West Wisconsin Avenue
In the mid 1800s, many well-known Milwaukeeans built mansions along what is now Wisconsin Avenue. The first, and one of the few remaining, was built by Alexander Mitchell in 1848. Mitchell (1817-1887), reputedly 19th century Wisconsin's richest man, made his fortune in banking, insurance and railroads. His son, John, was a U.S. Congressman and Senator, and his grandson was the famous aviator Billy Mitchell. In 1898, what is now the Wisconsin Club purchased the property from the Mitchell estate.
The Mitchell mansion was originally built as a modest brick house. During the 1870s Edward Townsend Mix, the city's leading architect, transformed the Italianate residence into a French Second Empire mansion. Constructed of cream city brick, the remodeling added a third story with a straight mansard roof and a four-story tower. A gazebo, fountain and horticultural conservatory were also added.
Before a 60-foot bluff at 8th street was cut down, the upper and lower streets that became Wisconsin Avenue were laid out with no thought of connecting. When the street improvement finally came, the two sections did not match up. The land in the center became what we know today as the Court of Honor. Four sculptural monuments adorn the landscaped area.
Civil War Monument (1898) called The Victorious Charge: This bronze group of four soldiers, cast in Rome, is dedicated to "those who fought in the War for the Union." When a local art patron failed to raise the needed funds for the monument, Captain Frederick Pabst paid the balance.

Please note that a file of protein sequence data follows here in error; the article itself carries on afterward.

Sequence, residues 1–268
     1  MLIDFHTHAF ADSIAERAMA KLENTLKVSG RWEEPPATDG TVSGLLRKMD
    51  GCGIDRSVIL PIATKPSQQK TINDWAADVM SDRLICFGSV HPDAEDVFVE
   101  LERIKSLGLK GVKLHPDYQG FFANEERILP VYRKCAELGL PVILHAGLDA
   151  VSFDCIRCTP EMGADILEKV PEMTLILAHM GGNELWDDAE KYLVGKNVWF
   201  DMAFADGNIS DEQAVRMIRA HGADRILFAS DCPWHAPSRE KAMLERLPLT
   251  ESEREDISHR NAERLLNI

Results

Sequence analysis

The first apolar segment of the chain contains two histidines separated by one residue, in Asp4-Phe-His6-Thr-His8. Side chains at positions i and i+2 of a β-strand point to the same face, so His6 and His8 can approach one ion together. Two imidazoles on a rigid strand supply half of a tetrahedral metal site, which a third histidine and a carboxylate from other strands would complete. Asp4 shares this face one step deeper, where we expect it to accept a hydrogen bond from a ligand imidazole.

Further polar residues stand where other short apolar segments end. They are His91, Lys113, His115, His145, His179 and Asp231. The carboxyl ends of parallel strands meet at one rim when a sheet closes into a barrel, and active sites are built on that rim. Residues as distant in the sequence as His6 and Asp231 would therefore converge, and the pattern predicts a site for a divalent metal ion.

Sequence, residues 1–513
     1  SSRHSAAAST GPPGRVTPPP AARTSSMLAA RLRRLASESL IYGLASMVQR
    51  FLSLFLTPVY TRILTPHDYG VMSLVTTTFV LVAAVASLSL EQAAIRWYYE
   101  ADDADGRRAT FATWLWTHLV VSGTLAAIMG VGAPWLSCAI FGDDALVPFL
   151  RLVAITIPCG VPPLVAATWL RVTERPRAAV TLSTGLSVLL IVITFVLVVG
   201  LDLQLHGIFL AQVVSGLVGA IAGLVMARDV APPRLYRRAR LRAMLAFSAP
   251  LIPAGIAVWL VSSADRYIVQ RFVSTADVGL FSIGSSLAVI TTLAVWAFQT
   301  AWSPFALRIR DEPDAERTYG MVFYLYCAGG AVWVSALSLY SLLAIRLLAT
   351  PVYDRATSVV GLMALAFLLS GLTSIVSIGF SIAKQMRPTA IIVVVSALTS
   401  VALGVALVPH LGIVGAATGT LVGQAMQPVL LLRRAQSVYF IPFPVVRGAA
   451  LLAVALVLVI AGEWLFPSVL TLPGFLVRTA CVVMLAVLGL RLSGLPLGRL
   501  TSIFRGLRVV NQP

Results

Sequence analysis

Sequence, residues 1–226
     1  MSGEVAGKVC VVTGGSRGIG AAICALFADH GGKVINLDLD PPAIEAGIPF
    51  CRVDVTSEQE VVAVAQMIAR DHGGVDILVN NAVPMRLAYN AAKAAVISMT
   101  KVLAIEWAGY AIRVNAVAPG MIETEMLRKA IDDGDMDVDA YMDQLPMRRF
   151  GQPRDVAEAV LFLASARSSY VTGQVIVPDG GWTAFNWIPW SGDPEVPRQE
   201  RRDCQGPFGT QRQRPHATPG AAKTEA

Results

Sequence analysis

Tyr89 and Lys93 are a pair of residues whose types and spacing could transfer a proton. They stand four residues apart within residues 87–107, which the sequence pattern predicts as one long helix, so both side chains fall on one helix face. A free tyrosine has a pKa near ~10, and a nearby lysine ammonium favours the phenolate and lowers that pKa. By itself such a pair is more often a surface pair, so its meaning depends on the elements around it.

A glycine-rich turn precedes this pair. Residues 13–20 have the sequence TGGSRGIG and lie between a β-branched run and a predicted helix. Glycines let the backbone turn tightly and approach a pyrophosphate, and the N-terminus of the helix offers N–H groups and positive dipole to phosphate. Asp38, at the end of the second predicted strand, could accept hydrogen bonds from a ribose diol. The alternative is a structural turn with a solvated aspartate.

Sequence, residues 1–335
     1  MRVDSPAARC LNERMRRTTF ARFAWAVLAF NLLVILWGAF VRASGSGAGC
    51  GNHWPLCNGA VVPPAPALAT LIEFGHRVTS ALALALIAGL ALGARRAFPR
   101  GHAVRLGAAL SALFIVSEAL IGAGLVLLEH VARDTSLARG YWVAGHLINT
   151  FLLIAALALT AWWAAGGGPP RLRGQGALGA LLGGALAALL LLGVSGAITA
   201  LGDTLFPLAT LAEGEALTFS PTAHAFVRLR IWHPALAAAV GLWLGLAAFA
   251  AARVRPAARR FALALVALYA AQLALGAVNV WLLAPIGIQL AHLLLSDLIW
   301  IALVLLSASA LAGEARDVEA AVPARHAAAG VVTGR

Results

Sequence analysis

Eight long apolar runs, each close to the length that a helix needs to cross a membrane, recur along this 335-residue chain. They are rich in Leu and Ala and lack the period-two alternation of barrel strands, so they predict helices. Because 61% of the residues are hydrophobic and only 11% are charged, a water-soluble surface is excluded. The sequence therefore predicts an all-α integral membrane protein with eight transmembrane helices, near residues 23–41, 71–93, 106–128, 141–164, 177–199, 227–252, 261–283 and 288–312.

Carnival Column with Sphere (1900): This 65-foot Corinthian column with a sphere on top commemorates the week-long carnival held in Milwaukee during the administration of Mayor David Rose. The eagle pictured atop the sphere was identical to those above the public library entrance.
Memorial to Spanish-American War Veterans (1932): This monument was commissioned by veterans of the Spanish-American War as a tribute to their comrades.
George Washington Statue (1885): This bronze statue of Washington is said to be the first west of New York and is probably Milwaukee's oldest public monument. The first sculpture placed in the Court of Honor, it was donated by Elizabeth Plankinton, daughter of Milwaukee meat packer John Plankinton.
Calvary Presbyterian church (completed in 1872), a fine example of Victorian Gothic architecture listed on state and national historic registers, was designed by master Milwaukee architect Henry C. Koch and Julius Hess. Built of cream city brick (now painted red), the size and opulence of the structure was a testament to the affluence of the congregation, which was drawn from the city's Yankee elite.